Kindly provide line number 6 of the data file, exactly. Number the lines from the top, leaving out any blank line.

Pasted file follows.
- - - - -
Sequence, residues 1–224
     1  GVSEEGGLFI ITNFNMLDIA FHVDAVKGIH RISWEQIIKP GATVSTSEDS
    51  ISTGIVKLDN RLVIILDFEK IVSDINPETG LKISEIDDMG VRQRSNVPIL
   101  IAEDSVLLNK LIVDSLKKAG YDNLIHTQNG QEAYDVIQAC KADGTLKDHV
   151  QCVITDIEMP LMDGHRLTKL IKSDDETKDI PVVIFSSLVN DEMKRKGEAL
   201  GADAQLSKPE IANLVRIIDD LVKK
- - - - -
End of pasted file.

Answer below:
   201  GADAQLSKPE IANLVRIIDD LVKK